- The way to have a company that executes well is you have to execute well yourself.
- The CEO has five jobs:
- Set the vision
- Raise money
- Hire and manage the team.
- Make sure the entire company execut
- Execution gets divided into two key questions.
- Figure out what to do
- Get it done.
- You need to figure out what the one or two most important things are, and then just do those.
- And you can only have two or three things every day, because everything else will just come at you. (Founders get excited about starting new things.)
- The trick to great execution is to say no a lot.
- Each day it’s really important to have goals. Most good founders I know have a set of small overarching goals for the company that everybody in the company knows.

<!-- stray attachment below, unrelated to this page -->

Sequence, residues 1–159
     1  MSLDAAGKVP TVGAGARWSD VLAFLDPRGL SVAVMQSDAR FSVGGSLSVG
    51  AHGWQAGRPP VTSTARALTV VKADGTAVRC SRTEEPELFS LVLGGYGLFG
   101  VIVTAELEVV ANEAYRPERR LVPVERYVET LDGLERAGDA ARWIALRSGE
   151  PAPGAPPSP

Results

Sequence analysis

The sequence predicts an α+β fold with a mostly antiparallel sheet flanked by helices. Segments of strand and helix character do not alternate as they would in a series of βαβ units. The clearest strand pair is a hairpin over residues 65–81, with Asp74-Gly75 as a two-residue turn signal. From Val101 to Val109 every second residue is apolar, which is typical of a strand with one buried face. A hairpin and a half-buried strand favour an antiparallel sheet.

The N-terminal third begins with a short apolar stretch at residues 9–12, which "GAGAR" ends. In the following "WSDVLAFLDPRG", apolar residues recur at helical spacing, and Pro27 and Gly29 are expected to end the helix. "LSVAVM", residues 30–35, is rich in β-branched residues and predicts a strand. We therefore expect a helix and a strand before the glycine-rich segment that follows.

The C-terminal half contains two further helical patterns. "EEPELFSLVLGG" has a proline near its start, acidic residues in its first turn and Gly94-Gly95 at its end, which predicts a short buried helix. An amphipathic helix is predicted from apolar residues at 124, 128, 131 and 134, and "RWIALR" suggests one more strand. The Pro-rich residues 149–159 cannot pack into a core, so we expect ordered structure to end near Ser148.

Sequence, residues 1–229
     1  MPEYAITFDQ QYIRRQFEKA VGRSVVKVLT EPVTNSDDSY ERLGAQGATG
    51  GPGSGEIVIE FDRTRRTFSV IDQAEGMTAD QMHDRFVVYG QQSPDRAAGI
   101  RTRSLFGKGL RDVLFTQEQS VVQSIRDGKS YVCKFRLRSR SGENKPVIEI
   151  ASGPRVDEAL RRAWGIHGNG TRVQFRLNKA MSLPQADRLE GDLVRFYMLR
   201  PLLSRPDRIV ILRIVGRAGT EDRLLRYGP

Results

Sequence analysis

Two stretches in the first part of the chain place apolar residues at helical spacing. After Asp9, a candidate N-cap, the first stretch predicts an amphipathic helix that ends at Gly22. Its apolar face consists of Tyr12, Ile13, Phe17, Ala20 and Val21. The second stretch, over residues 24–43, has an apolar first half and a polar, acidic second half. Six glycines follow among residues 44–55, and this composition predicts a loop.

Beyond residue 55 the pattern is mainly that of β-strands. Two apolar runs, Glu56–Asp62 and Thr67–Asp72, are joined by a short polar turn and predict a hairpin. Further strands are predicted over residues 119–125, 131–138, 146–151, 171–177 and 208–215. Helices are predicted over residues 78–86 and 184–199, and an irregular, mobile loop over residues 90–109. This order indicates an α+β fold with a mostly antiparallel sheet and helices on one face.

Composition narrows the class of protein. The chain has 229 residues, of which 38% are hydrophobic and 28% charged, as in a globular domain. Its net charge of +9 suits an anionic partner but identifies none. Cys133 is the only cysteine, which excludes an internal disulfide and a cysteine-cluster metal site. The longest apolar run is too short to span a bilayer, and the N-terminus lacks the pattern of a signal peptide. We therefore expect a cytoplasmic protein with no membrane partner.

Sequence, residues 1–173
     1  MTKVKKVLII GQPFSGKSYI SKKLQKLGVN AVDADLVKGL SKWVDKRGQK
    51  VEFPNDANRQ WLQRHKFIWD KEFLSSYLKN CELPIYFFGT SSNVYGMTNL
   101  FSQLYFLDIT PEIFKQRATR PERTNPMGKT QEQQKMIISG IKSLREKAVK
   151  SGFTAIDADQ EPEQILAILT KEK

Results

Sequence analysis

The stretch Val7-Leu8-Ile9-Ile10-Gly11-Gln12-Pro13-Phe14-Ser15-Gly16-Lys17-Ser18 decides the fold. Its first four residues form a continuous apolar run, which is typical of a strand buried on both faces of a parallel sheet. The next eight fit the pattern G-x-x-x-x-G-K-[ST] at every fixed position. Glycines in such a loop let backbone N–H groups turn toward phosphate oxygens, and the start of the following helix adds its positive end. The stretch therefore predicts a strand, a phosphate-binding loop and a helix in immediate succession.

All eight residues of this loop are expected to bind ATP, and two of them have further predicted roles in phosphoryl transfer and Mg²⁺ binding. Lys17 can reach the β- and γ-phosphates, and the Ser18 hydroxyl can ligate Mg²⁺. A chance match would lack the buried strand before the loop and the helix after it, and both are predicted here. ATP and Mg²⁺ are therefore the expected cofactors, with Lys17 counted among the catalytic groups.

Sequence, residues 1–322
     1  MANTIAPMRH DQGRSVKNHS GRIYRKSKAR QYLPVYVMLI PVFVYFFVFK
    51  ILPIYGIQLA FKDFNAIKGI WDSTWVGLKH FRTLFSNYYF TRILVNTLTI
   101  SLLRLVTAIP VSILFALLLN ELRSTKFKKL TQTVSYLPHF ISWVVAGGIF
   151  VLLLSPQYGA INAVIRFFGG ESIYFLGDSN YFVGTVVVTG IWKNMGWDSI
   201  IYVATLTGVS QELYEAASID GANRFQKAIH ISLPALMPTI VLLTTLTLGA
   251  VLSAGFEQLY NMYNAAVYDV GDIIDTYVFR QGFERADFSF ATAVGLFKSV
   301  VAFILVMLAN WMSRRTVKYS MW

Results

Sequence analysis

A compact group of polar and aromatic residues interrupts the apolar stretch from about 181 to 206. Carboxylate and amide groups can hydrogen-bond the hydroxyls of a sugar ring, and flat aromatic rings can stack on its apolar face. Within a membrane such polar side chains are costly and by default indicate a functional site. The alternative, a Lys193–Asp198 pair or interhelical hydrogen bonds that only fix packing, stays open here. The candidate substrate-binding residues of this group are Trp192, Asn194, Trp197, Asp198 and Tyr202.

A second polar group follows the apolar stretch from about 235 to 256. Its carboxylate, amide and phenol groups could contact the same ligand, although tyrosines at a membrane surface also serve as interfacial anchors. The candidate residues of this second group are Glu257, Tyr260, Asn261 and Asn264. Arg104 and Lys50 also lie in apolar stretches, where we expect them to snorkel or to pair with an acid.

- You can’t be focused without good communication even if you have only four or five people at a company.
- The secret to start up success is extreme focus and extreme dedication.
- A small amount of extra work on the right thing makes a huge difference.
- Facebook has this famous poster that says move fast and break things. It’s easy to move fast or be obsessed with quality, but the trick is to do both at a startup. You need to have a culture where the company has really high standards for everything everyone does, but you still move quickly.
- Always keep momentum.
- Always keep growing.
- Sales fixes everything.
- A board member of mine used to say that sales fix everything in a startup. And that is really true.
- Don’t worry about a competitor at all.
- A good way to keep momentum is to establish an operating rhythm at the company early.
- Shipping product
- Launching new features
- Reviewing /Reporting metrics and milestones
- Don’t spend more money than you have.
Above: Lecture by Sam Altman, Dustin Moskovitz